The other side of this is the implied detachment of contemporary jewellery from craft. I think there are two currents at play here. The first is the exhibition’s resolutely cosmopolitan approach. While there are some references to place, such as the Dutch collar of Paul Derrez, contemporary jewellery is represented here as a relatively placeless activity. It is perhaps a sign of maturity that it, like other disciplines such as science or architecture, is presented as an autonomous profession which prizes originality above political correctness. The framework of Craft is at odds with this specialisation. It tends to be more location specific, reflecting traditional skills and local materials. Craft’s implied responsibility to place has potential to compromise creative freedom.

This is a different case for Craft than the one which Robert Baines would make in criticism of the exhibition. Baines champions the discipline of skill and tradition in contemporary jewellery. I would argue that skill does have a link to place. The logic of outsourcing in late capitalism has helped us overlook this.

The second current is the exhibition’s attempt to celebrate the wearer. This is critical to an exhibition which has the capacity, in an unparalleled way, to open up the closed circle of contemporary jewellery to the broader public. Unexpected Pleasures is cast initially to fit the National Gallery of Victoria, which has never before offered a survey exhibition of contemporary jewellery. Craft in this context provides a more internal framework of skill and mastery best understood by the makers themselves. It thus has potential to alienate the broader public.

At the other pole, the exhibition must satisfy the interests of the London Design Museum. A natural framework for Design is to consider contemporary jewellery in terms of its role in everyday life. How does jewellery affect the way people behave in the street? Certainly, the works in Unexpected Pleasures can be read in terms of user experience, such as the framing neckpieces of Gijs Bekker and Otto Künzli. But could this go further? The majority of works are still made primarily for exhibit rather than use. We don’t see work than has been subject to the additional discipline (or compromise) of the market.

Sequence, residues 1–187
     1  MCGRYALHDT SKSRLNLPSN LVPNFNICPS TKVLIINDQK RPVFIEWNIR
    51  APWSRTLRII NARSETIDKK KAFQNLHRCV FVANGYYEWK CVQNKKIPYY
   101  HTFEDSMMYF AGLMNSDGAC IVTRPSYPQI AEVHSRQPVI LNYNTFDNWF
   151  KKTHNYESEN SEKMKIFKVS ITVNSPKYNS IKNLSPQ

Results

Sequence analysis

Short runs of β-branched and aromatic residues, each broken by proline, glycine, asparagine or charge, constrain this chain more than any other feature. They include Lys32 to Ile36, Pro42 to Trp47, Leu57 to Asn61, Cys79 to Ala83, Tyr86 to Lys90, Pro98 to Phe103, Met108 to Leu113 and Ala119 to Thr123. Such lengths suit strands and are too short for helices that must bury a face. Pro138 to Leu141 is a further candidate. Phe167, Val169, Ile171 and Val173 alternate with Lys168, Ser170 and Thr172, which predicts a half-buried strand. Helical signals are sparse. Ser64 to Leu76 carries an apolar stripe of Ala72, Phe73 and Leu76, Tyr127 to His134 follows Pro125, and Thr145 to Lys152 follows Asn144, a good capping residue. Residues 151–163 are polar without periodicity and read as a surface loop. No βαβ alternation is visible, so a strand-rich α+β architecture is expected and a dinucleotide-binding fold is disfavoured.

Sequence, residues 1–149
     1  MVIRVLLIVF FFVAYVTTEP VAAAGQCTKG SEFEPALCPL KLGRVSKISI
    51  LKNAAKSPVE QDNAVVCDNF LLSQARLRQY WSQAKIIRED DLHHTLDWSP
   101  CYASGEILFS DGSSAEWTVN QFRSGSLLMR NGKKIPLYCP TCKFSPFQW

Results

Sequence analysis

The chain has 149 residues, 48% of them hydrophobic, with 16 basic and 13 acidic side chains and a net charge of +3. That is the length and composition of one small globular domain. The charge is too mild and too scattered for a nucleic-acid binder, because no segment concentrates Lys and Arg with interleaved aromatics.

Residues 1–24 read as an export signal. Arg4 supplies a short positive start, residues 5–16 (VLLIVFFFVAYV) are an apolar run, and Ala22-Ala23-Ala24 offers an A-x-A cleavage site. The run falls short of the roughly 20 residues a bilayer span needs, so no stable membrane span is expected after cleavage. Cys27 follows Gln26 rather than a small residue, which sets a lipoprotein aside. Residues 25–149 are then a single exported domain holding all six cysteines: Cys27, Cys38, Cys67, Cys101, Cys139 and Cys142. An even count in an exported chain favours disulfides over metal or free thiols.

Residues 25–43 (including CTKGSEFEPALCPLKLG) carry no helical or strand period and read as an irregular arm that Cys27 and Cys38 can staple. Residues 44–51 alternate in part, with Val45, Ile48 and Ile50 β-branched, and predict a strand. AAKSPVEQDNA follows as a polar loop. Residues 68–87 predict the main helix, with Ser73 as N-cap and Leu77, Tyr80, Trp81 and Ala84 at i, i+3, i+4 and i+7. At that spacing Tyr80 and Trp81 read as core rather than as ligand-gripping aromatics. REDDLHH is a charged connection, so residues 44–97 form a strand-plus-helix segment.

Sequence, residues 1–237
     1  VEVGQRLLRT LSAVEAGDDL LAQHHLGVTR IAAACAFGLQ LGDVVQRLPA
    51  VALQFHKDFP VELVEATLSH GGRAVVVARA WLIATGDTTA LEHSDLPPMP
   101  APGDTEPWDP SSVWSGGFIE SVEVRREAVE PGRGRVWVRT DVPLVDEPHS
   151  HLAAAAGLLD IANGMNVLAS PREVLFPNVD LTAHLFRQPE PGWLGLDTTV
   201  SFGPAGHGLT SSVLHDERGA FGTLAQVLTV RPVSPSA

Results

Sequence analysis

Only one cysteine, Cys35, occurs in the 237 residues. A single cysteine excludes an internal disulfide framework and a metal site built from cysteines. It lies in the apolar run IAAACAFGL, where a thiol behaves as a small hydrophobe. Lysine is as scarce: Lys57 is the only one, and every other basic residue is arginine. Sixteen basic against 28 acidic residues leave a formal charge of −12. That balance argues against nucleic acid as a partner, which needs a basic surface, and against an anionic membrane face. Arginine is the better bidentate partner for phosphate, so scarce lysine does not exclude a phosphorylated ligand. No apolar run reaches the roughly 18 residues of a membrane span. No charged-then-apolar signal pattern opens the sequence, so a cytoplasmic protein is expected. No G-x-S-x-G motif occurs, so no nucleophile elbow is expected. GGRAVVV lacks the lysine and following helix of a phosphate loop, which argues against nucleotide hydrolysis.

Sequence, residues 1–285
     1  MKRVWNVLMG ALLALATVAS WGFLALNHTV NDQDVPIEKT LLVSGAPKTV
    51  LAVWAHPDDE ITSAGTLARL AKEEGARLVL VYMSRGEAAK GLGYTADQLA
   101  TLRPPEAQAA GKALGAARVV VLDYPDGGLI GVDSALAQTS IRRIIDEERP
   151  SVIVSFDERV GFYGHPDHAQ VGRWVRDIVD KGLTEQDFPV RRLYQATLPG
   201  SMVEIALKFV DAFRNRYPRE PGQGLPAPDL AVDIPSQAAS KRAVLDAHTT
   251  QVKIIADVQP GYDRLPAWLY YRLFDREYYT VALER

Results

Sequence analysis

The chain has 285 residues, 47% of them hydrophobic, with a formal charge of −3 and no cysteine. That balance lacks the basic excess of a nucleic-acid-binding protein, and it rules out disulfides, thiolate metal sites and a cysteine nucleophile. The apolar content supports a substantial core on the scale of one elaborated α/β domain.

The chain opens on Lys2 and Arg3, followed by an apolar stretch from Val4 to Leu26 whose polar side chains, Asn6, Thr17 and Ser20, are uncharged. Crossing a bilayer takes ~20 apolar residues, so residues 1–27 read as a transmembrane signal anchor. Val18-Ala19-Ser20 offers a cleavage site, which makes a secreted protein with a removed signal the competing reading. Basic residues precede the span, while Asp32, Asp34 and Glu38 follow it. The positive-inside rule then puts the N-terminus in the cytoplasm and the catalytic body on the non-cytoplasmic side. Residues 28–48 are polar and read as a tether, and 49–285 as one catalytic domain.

Ironically, the one contemporary jeweller who seems to embrace this element of design most fully is Susan Cohn herself. The necessary absence of her work in Unexpected Pleasures is one of the few weak points.

Unexpected Pleasures is likely to prove a seminal moment in contemporary jewellery. It shifts the focus away from the subjective experience of the maker to the desires of the wearer. While this seems a necessary move, it leaves making itself in an uncertain place. Its association with indigenous culture is perhaps a holding position, acknowledging the presence of Craft while separating it from mainstream practice.

This lack of resolution opens the potential for a counter move. The alternative is more about treasures than pleasures—jewellery as a means to forge new and recovered collectivities.

MONA–the Museum of Old and New Art (and craft)

The new MONA in Hobart provides an interesting perspective on the place of craft in contemporary art museums. This $80m museum hosts a collection of contemporary art worth around $100m. It is certainly the high end of culture, though the collector’s generosity has welcomed the public to view it for free.

One of the distinct elements of MONA is the way is eschews curatorial objectivity. The personality of its collector is evident throughout.

The walls are completely free of text or labels. Instead, visitors carry around iPod devices that pick up your location and offer information about nearby art works. Digging down, visitors can learn more. One button offers ‘art speak’ by a curatorial expert and the other titled ‘gonzo’ offers purely idiosyncratic takes, often by the collector, David Walsh, himself. For instance, the Clacoa work by Wim Delvoye features Walsh’s speculation that humans are merely hosts for microbes and will eventually be replaced by machines such as these. Sometimes audio is also available, featuring Walsh’s maniacal laugh as he draws inspiration from the work in question. They have to be a highlight of the museum.

David Walsh occupies a complex position, at once both distant from normality and a popular hero. There are two other figures who he can be compared with.